Defining your company’s vision is no easy task. How can you possibly condense what you do in your 60-hour weeks with your entire team and the grand vision behind it into a short and sweet sentence? You could probably write a 10-page article on what you’re up to, but one sentence? That’s a Challenge!

To begin the inquiry:


It’s word-cloud time. Step up to the whiteboard, and brainstorm the value principles that matter most to your team. These are guiding principles that describe your product goals, development philosophy and work ethic.

These are the factors that your team members hold close to their hearts. They are moral and intellectual forces that help your organisation make decisions and choose direction.

As start-up leaders, we can’t assume that all of our personal values will become a part of the entire organisation. You need to listen more than talk to understand the values that your entire organisation embraces most. One of your chief roles as a founder or CEO is to prioritise and communicate what matters most to your group.

As start-up coach Dave Kashen puts it, “Select start-up values that enable team members to flourish and the company to win in the marketplace.”

The clearer you can communicate your vision, the more your team will understand it, work into it, live and breathe it for the organisation.


The first place where you should start looking for organisational values is with yourself. On both personal and professional levels, what do you care about most?

The answers to that question are far from straightforward. It’s just like interviewing yourself. Use example questions like these:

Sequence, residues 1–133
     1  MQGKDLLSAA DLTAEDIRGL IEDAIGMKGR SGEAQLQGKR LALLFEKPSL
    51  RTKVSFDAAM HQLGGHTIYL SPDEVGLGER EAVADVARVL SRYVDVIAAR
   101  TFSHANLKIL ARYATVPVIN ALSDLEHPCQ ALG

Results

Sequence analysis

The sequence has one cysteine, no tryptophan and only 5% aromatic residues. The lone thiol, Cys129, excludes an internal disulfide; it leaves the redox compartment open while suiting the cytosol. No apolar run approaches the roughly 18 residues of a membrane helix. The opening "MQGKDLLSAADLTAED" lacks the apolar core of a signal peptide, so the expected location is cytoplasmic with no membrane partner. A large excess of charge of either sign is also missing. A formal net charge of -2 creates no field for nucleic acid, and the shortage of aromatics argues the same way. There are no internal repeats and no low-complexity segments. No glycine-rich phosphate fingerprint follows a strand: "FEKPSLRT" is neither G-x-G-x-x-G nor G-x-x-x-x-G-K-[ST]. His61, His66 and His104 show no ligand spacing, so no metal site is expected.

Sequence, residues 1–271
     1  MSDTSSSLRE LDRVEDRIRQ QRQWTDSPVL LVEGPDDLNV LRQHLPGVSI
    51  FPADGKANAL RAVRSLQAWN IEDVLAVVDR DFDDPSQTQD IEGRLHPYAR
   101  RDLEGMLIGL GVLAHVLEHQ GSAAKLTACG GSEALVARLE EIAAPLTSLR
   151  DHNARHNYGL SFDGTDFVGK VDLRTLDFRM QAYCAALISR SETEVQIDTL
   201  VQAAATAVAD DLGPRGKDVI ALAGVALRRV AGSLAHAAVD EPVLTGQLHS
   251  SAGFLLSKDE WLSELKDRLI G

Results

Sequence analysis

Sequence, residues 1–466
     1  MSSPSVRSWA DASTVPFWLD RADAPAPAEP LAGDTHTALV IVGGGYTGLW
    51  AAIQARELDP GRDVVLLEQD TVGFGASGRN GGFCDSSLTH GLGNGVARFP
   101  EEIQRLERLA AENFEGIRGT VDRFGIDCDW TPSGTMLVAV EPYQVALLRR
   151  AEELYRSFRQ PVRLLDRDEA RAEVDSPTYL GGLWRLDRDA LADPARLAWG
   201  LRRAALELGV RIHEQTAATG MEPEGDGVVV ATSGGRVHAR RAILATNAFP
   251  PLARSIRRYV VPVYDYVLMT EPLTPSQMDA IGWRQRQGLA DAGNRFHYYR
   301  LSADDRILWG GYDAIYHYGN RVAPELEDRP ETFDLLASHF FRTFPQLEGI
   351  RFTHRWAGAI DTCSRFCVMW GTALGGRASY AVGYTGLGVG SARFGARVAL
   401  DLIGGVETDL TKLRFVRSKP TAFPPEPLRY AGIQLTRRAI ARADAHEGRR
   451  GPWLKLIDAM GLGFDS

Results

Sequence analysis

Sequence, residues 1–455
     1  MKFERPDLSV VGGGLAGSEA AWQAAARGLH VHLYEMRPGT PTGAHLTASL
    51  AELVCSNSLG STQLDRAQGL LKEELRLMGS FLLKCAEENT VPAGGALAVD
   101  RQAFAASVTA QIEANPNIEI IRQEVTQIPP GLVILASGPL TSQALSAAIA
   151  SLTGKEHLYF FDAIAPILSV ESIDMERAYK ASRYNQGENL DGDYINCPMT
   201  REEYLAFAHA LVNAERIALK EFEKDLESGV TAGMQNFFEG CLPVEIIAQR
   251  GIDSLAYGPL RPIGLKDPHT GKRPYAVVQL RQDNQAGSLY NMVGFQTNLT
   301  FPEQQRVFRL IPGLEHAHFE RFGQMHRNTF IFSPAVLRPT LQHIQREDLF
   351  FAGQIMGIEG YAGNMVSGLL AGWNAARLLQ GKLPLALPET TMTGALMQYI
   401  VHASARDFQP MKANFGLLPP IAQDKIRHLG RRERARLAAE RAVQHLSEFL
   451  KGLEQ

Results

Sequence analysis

• Does meeting a project deadline take priority over delivering exceptional work?
  • Is a 10-hour company workday more important to you than happy team members?
  • In what cases will you say ‘no’ to a customer or turn down a prospect?
  • In what situations is it okay to sacrifice family time for work? 
  • What is one high standard you wouldn’t sacrifice for anything?

 Your goal here is to raise awareness about topics that matter to you (and problems that need to be solved). These answers will steer the good habits and behaviours of the people who will actualise your vision.

Once you’ve gone through this process of introspection, take it a step further.

Encourage your team members to identify their own sets of questions in addition to the ones that you’ve established. Throughout the course of their roles and time, they will inevitably confront situations and decisions that will be unique to them. Create a number of diverse situations, both positive and negative that the organisation as a whole may one day encounter.

This dialogue will establish strong common ground. Find intersecting points and address your blind spots to create a full, 360-degree view.

Think of your job as a researcher, the CEO of your organisation. You can also identify organisational values by looking at how people work within your company and by identifying the actions the organisation has taken over in the last few years.


Your logical brain is only part of the equation. Pay attention to how you and your team members feel as well. Human beings are complex; we’re as motivated by our emotions as we are with our intellects. You can’t ignore either.

So put your EQ to work and figure out what makes you tick. Look at both positive and negative aspects of what you’re feeling.

Consider these questions:

  • When have you felt most alive?
  • What situations invoke the most intense emotions you’ve felt, both positively and negatively?
  • What stories inspire you?

 Answer these questions individually then as a group. It’s important to maintain both an individual and group-level view.

Sometimes, it takes a series of questions to help you drill down to the answers that matter most. These answers will highlight the values you’ll need to develop within your company in order for you to reach your greatest potential on both an individual and organisational level.



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